Mark A. Whatley, Valdosta State University, has posted selected personality tests for his Self and Identiy class. About the Self-Handicapping Scale he says: ”Self-handicapping refers to people’s engagement in behaviors that hinder performance in an effort to provide an excuse if they fail. Rhodewalt, Saltzman, & Wittmer (1984) have used this scale to effectively predict the performance of competitive athletes. You and others should find the responses to the items on this scale interesting. Question 4 on the scale must be reverse scored. Higher scores indicate greater self-handicapping. High self-handicappers compared to low self-handicappers are likely to engage in activities that protect themselves from an attribution that they are failures. If they do fail, then they can attribute their failure to the situation and not to their ability. ” Scale and scoring instructions available here.
Ron Okada, York University, Toronto, maintains this handy page for his students conducting research. It contains scales and scoring instructions for many tests relevant for both social and personality psychology. The tests are available in PDF or Word 2002 formats for the downloading. Tests available include the Attitude Towards Women Scale, Authoritarianism-Rebellion Scale, Body Esteem, Loneliness Scale, Rosenberg Self-Esteem Scale, Personal Attributes Questionnaire, Procrastination Scale, Satisfaction with Life Scale, Aggression Questionnaire, Trust Scale and much more.
This web page provides background information for the Smithsonian National Museum of Natural History’s exhibit ”What Does it Mean to Be Human?” Describes ongoing research projects and evidence on the evolution of human behavior and physical characteristics. The site features a 3D interactive image library of fossils and artifacts, interactive walk-through of the exhibit, and resources for educators including lesson plans for 6-12 on human evolution, genetics, and more.
”Here are 10 techniques I use to break out of the prison of perfectionism in order to live and create as freely as I can in an imperfect world” according Therese Borchard, for PsychCentral.
Summarizes the results of a cross-cultural study which found ”that men and women in monogamous societies, such as Pitcairn Islanders, and some polygynous societies, including the Aka in the Central African Republic, have overlapping ranges of number of offspring.” This finding suggests that there is greater variation in reproductive strategies than was once thought, so the tendency for men to be promiscuous and for females to be selective may not be universal. From Science News, May 23, 2009.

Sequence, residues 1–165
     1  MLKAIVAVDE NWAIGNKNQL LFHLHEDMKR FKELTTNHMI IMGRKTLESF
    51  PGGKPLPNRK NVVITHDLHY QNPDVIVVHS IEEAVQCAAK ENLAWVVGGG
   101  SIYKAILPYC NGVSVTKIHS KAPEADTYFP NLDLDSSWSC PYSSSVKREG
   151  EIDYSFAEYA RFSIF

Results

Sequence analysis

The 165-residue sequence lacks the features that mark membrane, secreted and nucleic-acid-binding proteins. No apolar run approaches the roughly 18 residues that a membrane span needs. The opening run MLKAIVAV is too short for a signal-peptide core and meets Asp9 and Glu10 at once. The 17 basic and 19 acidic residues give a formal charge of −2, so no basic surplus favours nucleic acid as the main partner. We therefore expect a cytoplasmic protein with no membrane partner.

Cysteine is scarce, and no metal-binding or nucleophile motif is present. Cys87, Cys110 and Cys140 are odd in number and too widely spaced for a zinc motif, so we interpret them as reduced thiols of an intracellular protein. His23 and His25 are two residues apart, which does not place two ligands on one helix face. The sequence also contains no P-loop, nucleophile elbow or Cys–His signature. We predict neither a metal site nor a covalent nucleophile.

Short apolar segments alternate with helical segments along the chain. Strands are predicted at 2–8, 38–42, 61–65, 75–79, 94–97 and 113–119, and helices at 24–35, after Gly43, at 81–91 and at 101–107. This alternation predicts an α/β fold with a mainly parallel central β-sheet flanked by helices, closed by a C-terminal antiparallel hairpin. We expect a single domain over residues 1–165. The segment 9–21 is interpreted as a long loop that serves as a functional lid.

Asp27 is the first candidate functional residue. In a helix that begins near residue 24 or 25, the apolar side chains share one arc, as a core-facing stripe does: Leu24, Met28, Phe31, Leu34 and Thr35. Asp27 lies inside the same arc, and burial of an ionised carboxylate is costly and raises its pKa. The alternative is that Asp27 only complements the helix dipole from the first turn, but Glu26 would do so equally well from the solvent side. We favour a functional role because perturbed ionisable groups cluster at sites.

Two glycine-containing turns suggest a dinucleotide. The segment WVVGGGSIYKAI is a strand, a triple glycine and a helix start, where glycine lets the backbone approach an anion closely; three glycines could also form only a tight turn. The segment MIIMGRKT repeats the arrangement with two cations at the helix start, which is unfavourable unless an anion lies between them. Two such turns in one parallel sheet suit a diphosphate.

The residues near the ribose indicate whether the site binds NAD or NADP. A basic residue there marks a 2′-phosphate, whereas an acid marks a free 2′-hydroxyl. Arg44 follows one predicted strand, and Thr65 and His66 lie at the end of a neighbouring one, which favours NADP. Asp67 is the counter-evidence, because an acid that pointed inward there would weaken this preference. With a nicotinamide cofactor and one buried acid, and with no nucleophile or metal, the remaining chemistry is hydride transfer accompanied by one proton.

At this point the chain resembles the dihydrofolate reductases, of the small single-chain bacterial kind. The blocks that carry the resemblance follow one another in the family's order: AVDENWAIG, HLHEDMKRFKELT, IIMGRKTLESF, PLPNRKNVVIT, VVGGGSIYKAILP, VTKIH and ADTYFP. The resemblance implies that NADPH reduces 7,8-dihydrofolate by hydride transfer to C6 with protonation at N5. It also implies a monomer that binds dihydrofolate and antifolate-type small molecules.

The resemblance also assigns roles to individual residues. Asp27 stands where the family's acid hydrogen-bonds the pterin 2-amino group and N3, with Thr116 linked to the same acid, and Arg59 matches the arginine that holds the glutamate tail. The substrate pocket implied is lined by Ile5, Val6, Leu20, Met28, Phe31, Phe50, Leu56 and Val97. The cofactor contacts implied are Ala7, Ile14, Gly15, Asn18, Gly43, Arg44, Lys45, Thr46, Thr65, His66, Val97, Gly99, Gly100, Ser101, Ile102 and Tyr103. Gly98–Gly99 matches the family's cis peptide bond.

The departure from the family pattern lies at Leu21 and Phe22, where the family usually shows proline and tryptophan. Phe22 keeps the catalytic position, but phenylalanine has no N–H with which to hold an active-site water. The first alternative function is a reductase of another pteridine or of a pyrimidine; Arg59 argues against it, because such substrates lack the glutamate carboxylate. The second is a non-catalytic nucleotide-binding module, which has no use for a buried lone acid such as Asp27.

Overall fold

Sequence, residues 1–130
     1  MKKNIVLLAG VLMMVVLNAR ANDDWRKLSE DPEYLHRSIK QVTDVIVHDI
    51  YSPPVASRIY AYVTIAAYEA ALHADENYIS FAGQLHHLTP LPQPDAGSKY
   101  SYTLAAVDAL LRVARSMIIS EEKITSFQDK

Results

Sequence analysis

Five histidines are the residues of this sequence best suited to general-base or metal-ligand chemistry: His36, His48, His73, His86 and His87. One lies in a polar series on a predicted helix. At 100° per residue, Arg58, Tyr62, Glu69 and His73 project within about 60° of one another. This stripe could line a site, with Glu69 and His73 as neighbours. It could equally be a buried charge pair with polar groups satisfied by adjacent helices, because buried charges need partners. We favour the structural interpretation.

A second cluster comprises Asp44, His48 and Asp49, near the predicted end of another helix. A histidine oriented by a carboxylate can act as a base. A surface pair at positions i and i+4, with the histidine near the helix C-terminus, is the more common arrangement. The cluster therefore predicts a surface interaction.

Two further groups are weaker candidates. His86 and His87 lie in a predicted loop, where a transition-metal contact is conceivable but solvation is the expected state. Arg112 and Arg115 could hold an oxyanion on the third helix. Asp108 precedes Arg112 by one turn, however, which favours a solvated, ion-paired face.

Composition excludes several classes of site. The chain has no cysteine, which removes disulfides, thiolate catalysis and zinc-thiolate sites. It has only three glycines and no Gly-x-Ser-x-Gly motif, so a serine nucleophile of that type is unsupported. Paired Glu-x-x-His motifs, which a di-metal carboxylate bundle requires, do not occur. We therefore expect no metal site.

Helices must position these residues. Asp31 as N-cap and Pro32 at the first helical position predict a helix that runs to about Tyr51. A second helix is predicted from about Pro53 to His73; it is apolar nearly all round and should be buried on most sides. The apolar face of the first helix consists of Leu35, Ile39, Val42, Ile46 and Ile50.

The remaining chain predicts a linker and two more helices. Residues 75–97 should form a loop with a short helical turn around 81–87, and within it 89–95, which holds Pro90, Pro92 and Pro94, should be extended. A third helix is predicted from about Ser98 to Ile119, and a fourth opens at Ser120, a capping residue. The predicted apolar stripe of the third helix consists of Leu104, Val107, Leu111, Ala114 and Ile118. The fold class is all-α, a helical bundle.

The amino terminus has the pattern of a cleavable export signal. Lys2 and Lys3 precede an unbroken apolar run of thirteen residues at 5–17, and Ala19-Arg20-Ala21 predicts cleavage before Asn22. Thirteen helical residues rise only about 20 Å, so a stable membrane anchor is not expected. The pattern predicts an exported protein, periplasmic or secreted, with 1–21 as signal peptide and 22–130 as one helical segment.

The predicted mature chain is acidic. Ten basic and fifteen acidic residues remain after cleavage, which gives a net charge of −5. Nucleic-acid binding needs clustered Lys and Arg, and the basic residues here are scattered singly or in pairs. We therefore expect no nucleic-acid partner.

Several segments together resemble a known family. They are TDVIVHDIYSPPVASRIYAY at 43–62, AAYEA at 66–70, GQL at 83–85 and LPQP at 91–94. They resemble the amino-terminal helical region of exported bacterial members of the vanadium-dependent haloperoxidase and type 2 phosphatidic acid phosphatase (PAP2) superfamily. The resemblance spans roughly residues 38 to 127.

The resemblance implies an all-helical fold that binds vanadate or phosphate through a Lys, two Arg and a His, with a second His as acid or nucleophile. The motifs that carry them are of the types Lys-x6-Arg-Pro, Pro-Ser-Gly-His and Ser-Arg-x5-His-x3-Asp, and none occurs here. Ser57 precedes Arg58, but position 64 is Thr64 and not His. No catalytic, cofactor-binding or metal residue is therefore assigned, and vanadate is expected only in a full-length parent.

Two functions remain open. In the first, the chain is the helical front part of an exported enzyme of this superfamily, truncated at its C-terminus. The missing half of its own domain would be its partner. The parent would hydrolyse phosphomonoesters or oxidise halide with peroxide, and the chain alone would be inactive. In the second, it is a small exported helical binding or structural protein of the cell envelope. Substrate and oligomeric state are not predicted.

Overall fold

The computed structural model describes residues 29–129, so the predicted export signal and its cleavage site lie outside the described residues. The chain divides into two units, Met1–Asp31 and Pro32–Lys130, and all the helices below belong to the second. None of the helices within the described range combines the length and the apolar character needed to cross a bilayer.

Gene-by-environment interactions that place some people at risk for depression, anxiety disorders and alcohol abuse may not be the whole story. Monkeys with a gene which puts them at risk for aggression and anxiety were raised either in small or large group cages. While the monkeys raised in small groups were more likely to be aggressive and anxious, monkeys reared in large, social cages were protected from developing these problems. From ”Science Daily”, May 3, 2009.
”Certain regions in the brains of long-term meditators were larger than in a similar control group. Specifically, meditators showed significantly larger volumes of the hippocampus and areas within the orbito-frontal cortex, the thalamus and the inferior temporal gyrus — all regions known for regulating emotions”. From ”Science Daily”, May 13, 2009
Jesse Bering describes life history research in which ”how we “spin” our self-narratives can reveal our hidden personalities” in this essay for ”Scientific American”, May 5, 2009.
Describes the classic work of Walter Mischel on delay of gratification research, including interviews with the now grown-up participants of the original marshmallow studies. ”Children who are able to pass the marshmallow test enjoy greater success as adults.” ”The New Yorker”, May 18, 2009, by Jonah Lehrer.